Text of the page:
Field Trips ?>

Field Trips

The Grand Canyon Colloquium

 
Grand Canyon Colloquium - Donata HenryThe Grand Canyon Colloquium covers central aspects of the geology, biology, anthropology and history of the US Southwest, concentrating on the areas contiguous with the path of the Colorado River through what is today Northern Arizona. After a semester of classroom work, familiarizing you with the geography, geology, flora, fauna, peoples, cultures and histories of the region, we will travel to Lee’s Ferry, 15.6 river miles below Glen Canyon Dam and then float for seven days on Hatch River Expeditions rafts through a natural laboratory for these physical and social sciences.

A preview of the biology: On our field trip we will experience an amazing range of life zones, from riparian woodlands to desert scrub. Each dramatic change in ecosystems is characterized by a unique community of plants and animals, some familiar, some like nothing you’ve seen before. We will share our campsites and hiking trails with diverse arthropods, reptiles, mammals, and in wet years, an impressive display of wildflowers. For much of our journey we will be accompanied by violet-green swallows and bighorn sheep. Sightings of the recently re-introduced California condor are just about guaranteed. The morning and evening hours are greeted by the cascading trill of canyon wrens, while Lucy’s warblers are easy to spot in the willows. At the confluence of the Colorado and Little Colorado Rivers, we may observe fish traps being used to study the survival and reproduction of the endangered humpback chub. To preview the fauna we may encounter check out:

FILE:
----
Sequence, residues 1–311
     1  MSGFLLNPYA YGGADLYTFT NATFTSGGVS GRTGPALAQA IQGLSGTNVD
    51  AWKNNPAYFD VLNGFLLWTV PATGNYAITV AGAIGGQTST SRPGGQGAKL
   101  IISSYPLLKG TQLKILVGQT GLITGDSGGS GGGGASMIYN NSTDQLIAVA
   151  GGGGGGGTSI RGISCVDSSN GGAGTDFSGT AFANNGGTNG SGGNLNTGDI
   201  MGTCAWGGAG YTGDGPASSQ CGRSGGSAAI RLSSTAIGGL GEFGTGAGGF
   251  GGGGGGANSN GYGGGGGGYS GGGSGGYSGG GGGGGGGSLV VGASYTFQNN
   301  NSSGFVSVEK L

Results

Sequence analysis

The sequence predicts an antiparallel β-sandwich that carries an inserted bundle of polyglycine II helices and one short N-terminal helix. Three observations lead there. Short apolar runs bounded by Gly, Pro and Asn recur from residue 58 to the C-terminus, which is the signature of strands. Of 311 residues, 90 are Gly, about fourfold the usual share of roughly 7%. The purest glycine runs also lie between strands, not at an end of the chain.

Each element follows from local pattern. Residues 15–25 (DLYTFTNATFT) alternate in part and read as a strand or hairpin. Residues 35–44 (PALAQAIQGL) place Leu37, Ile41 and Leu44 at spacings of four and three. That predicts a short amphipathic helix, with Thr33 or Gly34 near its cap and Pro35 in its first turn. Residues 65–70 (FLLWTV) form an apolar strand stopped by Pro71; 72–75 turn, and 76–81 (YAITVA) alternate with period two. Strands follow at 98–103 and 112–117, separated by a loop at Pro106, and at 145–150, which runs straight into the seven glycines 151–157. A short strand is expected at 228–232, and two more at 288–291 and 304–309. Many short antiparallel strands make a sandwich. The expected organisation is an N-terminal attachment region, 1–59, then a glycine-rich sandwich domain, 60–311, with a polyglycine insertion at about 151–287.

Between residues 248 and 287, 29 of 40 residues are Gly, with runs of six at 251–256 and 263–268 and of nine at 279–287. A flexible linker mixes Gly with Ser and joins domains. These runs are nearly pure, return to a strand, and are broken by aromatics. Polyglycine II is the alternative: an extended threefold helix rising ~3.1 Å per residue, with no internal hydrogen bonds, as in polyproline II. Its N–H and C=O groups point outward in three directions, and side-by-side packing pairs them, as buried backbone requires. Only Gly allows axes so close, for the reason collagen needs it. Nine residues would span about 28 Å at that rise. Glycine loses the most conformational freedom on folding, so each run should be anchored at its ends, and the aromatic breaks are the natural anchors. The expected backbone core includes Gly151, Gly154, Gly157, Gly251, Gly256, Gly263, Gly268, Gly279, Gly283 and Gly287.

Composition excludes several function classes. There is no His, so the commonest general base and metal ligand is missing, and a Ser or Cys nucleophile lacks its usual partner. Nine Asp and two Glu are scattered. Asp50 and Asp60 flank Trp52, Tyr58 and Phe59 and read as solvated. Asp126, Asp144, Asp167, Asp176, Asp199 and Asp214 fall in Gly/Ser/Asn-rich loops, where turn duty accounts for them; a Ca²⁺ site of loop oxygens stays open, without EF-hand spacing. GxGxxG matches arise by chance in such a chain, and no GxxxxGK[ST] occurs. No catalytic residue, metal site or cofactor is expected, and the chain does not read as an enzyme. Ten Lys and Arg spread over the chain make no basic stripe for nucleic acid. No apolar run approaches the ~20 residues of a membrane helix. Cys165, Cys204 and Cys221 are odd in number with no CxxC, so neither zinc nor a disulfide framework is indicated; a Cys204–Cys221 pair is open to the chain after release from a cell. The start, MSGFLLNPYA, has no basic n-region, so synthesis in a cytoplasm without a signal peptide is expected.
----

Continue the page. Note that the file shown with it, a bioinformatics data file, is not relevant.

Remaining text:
http://www.nps.gov/glca/naturescience/upload/ReptileChecklist.pdf
http://www.nps.gov/grca/naturescience/upload/grca_mammals.pdf


Copenhagen

 
For several summers I’ve travelled with Dr. Beth Wee (Assistant Dean of Undergraduates in SSE and Professor of Neuroscience) and Dr. James MacLaren (Dean of Newcomb Tulane College and Professor of Physics) to teach Tulane students abroad in Copenhagen. The trip is coordinated with the Danish Institute for Study Abroad (DIS) where Tulane students may also study in the fall and spring semesters. For the last three years I’ve taught an animal behavior and a natural history course. Each course we offer is enriched with guest lectures, field trips and a weekend study tour so that we can take full advantage of the unique environments and culture of Denmark.